Once in awhile, ideas occur to us unprompted by the need to change a situation. George de Mestral, a Swiss engineer, returned home from a hunting trip with his dog and became interested in the properties of the burrs stuck to the dog’s fur and to his jacket. In time, his attempts to mimic the powerful grip of the burs became Velcro brand hook and loop fasteners. To commercialize the invention, Mestral’s challenge was to find a target and define a tension that Velcro would resolve. You might be surprised to learn that it took years before Velcro became the ubiquitous fastener we depend on today. It’s not the brilliance of the idea that turns a creative outcome into a productive success; it’s finding the right individual or group and then creating enough of a tension that people would be willing to change their situation. Not until NASA elected to use Metral’s invention to redesign the closures on spacesuits did Velcro start to become a commercial success.
What the three approaches to innovation have in common are a target and a tension. If you want to get innovation going in an organizational setting, you need to choose a target the organization cares about and you need to define a situation that the target wants or will want to change. The methodology outlined here describes a systematic way to get the seeds of innovation that are buried in our organizations planted, watered, and nurtured so that they grow into something that sees the light of day. There are well-researched and very effective innovation methodologies that start with a focus on the end-user and his or her unmet needs. What both methodologies have in common is a focus on who will benefit from the innovation and what’s compelling about the change that the innovation will deliver. The big difference between the methodologies is that one starts with your organization’s untapped innovation; the other requires an investment in some fairly sophisticated research.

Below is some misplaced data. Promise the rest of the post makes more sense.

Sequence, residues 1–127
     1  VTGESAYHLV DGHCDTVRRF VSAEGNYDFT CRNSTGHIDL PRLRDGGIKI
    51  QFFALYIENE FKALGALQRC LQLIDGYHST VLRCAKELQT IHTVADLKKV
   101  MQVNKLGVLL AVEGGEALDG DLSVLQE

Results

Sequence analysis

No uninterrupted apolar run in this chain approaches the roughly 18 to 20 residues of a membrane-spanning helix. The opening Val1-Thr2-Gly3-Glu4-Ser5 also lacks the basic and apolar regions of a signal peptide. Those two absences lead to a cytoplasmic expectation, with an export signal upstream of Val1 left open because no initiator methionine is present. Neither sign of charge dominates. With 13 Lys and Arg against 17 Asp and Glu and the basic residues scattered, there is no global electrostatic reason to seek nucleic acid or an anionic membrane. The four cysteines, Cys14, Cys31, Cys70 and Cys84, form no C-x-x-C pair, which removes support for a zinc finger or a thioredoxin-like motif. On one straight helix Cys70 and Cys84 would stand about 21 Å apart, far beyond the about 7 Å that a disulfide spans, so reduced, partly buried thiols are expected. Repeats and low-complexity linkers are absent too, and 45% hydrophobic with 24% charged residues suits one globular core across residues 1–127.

Organizational ideas compete in a marketplace for executive attention and resources. Whether an innovation results in a structural change, a process change, or a new product, whether the target is a paying customer or a colleague in another department, new ideas need some form of sponsorship before they’re piloted. Leaders can help their teams break through the barrage of issues and requests distracting potential sponsors by helping potential innovators think in terms of target and tension.
Read other posts by Jay G. Cone